Subversion and Reification of Cultural Identity in Global Fandoms
Georgetown University. Communication, Culture & Technology Graduate Program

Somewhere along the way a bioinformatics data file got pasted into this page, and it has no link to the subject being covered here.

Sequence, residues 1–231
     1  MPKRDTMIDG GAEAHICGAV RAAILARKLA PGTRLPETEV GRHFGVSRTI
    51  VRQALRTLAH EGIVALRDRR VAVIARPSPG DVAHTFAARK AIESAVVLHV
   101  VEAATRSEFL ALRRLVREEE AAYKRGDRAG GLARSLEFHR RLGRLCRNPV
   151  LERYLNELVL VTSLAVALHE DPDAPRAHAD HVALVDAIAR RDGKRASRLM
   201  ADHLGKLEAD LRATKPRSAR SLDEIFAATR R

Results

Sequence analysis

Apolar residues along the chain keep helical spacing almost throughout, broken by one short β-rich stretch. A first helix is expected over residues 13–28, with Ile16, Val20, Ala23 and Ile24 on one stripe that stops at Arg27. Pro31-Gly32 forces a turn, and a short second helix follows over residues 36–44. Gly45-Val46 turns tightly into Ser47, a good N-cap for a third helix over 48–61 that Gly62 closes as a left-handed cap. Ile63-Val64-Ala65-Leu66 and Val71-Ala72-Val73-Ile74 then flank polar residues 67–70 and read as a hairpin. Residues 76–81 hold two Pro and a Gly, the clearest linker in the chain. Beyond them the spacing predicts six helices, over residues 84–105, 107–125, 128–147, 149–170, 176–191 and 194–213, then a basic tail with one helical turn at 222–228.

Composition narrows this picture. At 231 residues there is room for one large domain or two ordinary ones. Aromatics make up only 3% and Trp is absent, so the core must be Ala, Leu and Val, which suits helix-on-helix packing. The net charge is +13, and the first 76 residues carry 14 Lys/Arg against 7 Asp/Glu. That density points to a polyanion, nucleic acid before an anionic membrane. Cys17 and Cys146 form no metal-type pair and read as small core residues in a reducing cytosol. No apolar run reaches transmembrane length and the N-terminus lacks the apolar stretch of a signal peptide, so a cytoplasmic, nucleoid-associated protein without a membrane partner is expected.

As nations continue to open up to the global market and invite the commercialization and appropriation of native texts, a renegotiation process regarding the power dynamics of cultural influence for both native producers and international consumers occurs. In the context of the anime fandom, these power dynamics become particularly subversive, as fans/consumers often become the primary vehicle of translation and cross-cultural communications, despite the fact that many international fans are not from the text’s country of origin. In particular, this subversion is exemplified through the informal translation practices of the anime fandom, where fans take Japanese texts and translate them for non-Japanese speaking fans, often for no monetary compensation. Whether these fans can be considered valid interpreters of anime culture is a point of contention that will be discussed in this paper. By constantly interacting with media subcultures abroad and creating social practices and vernaculars specific to the worldwide fandom, anime fans create nation-like global community that simultaneously consumes, destroys, and recreates cultures in a manner that suits their local environment. I conclude that international fandoms like the global anime fan community are sites that may have the potential to undermine national boundaries, despite the fact that local cultures continue to exercise hegemonic influence over our cultural identities.
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